Wednesday, November 30, 2011

“Before Madison Avenue”—A Second Conference

 Earlier this month, the American Antiquarian Society (AAS) held a conference with the title, "Before Madison Avenue: Advertising in Early America." Now the Library Company of Philadelphia, in conjunction with the LCP's Visual Culture Program and the AAS's Center for Historic Visual Culture (CHAViC), has announced a similar meeting, also called "Before Madison Avenue: Advertising in Early America," to be held March 15-16, 2012. The conference program is now available. As the organizers explain:
From newspaper agate print to trade cards to broadsides to posters, ads were everywhere in early America, helping to support the rise of entire sectors of the publishing industry and introducing Americans to the ever-expanding world of goods and services that the growing nation offered. But what were the aesthetics, conventions, norms, and business practices of advertising in early America? How did individuals and businesses make sense of the constantly changing media that were available to them, and how did early American consumers respond to printed, spoken, or illustrated inducements to buy? How did what is now both an established business practice and an omnipresent cultural form take shape? Speakers at this conference will present new research on advertising in North America before the rise of the modern advertising agency (late 1870s).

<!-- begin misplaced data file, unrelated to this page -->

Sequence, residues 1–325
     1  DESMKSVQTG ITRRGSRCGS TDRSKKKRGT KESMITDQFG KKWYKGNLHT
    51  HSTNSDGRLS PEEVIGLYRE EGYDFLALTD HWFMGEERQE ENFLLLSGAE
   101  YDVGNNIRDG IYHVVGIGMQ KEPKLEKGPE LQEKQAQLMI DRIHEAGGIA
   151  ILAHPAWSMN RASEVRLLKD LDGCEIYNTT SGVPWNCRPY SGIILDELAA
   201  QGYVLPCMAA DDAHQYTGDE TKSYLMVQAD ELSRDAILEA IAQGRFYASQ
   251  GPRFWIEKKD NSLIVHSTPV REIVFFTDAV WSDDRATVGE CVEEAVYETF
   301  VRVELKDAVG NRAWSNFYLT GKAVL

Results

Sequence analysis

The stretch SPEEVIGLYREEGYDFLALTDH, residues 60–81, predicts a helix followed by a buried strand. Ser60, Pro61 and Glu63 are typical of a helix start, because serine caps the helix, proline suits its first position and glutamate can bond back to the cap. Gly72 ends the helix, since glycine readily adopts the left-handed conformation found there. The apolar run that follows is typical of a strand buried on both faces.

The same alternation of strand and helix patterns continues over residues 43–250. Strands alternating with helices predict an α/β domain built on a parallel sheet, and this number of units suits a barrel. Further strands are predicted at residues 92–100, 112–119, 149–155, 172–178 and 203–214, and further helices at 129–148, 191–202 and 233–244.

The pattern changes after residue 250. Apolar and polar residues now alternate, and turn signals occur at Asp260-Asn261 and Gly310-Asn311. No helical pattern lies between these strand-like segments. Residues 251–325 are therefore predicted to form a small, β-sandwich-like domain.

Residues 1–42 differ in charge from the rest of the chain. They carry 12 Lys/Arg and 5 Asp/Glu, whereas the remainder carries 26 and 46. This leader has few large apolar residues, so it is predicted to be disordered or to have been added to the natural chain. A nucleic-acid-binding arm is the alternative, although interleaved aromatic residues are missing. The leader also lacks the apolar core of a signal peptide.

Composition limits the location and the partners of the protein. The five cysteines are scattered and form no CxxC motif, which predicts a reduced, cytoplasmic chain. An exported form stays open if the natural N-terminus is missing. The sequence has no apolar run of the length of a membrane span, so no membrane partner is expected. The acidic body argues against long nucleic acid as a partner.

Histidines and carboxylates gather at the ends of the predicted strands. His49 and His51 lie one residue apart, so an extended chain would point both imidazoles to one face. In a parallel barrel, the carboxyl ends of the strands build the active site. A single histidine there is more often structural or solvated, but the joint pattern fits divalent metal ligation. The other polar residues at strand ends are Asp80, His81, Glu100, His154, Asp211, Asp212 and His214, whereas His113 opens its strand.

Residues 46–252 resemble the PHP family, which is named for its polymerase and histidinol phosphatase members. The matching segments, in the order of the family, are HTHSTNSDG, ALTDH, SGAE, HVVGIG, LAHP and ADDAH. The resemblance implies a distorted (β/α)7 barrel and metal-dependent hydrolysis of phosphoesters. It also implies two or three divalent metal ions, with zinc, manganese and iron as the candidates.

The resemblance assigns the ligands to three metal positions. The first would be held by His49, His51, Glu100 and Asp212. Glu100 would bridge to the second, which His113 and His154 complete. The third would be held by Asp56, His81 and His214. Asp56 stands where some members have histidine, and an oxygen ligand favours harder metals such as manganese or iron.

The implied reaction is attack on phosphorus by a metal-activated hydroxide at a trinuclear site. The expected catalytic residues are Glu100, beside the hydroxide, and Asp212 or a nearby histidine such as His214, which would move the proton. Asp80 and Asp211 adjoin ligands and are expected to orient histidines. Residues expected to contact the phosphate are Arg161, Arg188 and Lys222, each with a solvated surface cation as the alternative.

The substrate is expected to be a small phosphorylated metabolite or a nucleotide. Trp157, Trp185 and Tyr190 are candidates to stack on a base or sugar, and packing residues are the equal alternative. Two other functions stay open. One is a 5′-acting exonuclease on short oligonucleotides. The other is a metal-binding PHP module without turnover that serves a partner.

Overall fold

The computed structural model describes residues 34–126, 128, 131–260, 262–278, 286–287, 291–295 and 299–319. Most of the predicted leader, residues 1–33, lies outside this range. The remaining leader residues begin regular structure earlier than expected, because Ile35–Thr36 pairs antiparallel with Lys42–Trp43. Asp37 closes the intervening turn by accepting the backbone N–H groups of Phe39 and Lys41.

Those interested in attending should visit the conference website for additional information and an on-line registration form.